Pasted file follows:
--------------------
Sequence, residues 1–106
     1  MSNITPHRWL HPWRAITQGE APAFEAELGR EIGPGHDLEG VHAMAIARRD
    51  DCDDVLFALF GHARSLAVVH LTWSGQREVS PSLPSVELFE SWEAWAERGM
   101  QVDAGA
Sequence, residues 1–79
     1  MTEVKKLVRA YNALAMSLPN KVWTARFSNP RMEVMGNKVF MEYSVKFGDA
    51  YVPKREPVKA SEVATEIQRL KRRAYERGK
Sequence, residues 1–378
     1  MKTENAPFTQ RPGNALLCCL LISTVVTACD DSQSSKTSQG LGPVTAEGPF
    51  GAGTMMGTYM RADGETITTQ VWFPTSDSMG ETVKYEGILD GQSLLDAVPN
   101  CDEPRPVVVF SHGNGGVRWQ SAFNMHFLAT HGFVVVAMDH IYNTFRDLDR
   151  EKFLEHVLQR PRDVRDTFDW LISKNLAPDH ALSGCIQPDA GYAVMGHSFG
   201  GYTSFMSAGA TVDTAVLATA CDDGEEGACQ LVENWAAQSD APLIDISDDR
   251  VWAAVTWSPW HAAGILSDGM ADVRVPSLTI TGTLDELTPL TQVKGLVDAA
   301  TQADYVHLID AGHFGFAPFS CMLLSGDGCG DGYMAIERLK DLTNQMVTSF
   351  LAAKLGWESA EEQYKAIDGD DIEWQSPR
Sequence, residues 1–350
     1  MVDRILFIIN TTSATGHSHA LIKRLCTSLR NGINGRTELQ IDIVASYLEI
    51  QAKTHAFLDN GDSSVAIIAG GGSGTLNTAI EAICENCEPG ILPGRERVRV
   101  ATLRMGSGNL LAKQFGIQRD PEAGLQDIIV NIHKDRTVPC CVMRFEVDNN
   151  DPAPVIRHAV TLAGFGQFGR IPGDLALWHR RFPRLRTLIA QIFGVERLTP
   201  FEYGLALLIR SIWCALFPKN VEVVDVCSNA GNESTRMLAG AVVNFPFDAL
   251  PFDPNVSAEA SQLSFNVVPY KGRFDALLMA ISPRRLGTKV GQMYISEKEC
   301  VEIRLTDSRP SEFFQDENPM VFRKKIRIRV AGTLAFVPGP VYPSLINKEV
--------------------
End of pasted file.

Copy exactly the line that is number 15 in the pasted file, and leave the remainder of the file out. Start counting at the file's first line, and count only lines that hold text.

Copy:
   301  TQADYVHLID AGHFGFAPFS CMLLSGDGCG DGYMAIERLK DLTNQMVTSF